The Sunday Mail
WHAT is automatically capturing on Ashton “Mbeu” Nyahora’s debut 10-track album “Hatizvimirire”, which was launched recently, is his bravura voice.
Mbeu’s easiness on the microphone proves that the lad is not a slave, but a master of his art.
He sings effortlessly and maintains pure floating vocals, a phenomenon that makes him an exception in the music industry.
At no time does one pick strain in the singer’s vocals, be it on the album or during live performances. The budding artiste is simply a natural. So good is Mbeu’s intonation that at first digestion of the album, one is somehow not so keen on analysing the depth of his lyrics.
It is only after realising the singer’s episodic use of thought-provoking verses that one tries to make sense of the message being conveyed.
It does not end there!
Still in the midst of processing the lyrics, a quick thought forces a listener to notice the smooth blend of vocals and instrumentation.
Bang! Everything makes sense thereafter.
Results on the project justify the two or so years that Mbeu and his Mhodzi Tribe spent fine-tuning the compositions.
However, one thing that is certain on Mbeu’s project is that his work is not the kind that produces instant hit tracks. The compositions have to grow on the listener over time since the Afro-fusion tracks are more suitable for serene listening. There are no outright party-songs on “Hatizvimirire”. The songs soothe the heart and mind in a unique way.
The other artiste who produces such music is Garry Tight.
Mbeu is proving to be a good student, having grown under the mentorship of internationally acclaimed music superstar Dr Oliver Mtukudzi at Pakare Paye in Norton. Perhaps this explains why the rising star has had the confidence to perform live years before dropping his debut album.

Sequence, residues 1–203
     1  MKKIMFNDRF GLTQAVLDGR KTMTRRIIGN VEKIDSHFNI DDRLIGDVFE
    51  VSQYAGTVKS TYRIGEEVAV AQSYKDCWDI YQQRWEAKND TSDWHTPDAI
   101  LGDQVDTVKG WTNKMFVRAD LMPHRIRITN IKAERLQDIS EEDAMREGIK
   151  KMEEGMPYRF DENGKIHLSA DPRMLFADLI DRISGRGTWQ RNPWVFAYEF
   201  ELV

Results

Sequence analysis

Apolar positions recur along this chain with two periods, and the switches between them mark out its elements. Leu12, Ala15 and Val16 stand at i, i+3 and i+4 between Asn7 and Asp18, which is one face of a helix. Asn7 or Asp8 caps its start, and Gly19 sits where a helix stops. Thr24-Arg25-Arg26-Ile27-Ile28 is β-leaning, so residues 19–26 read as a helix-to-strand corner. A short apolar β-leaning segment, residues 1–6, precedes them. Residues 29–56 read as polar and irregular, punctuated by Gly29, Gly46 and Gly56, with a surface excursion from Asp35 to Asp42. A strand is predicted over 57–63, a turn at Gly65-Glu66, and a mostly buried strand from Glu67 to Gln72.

For those not in the know, Mbeu now has a sizeable following, better than a number of artistes that have numerous albums on the market.
“Hatizvimirire” opens with “Ziso”, an affection jam in which the musician describes the co-ordination that exists between the eye and the heart in explaining love. Part of the lyrics that come laced with some massive drum rolls and pulsating guitar antics goes like, “Ziso rinoudza moyo zvaraona, moyo wotsvaga, moyo wotsanangura.”
In “Ndione”, the singer pleads with the Almighty for clarification on some issues so that he can make informed decisions.
Tempo is lowered on “Kuti Unzi”, a song that treads between reggae and Afro-jazz resonances. This experimental track is fascinating. It is a unique sound that Mbeu should focus on.
The title track “Hatizvimirire” is a statement of intent from the singer. He announces that he will not stop music production for whatever reason when he sings, “Hatizvimirire zvavanotaura kuti chimbomirai kugadzira mangoma, mangoma kubika hatimire isu.”
Other tracks on the album include “Njila”, “Wakakosha”, “Mumwe Wangu”, “Hazvineyi”, “Papa Do You Know” and “Handina Kuziva”.
Despite possessing a powerful voice, Mbeu remains alive to the fact that he also needs meaningful messages for his package to be complete.
And each of the 10 songs on “Hatizvimirire” proves that the artiste has no deficiency in this regard.
However, there is still a long way to go for the Norton-based musician. An old adage, nevertheless, says a journey of a thousand miles begins with a single step and Mbeu’s baby steps are on track.
Probably what he needs to be wary of in future is the need to break monotony. He might be tempted to trail the “Hatizvimirire” template in future productions following favourable reviews. But music is dynamic and the singer should continue exploring fresh ground if he yearns for longevity in the cut-throat industry.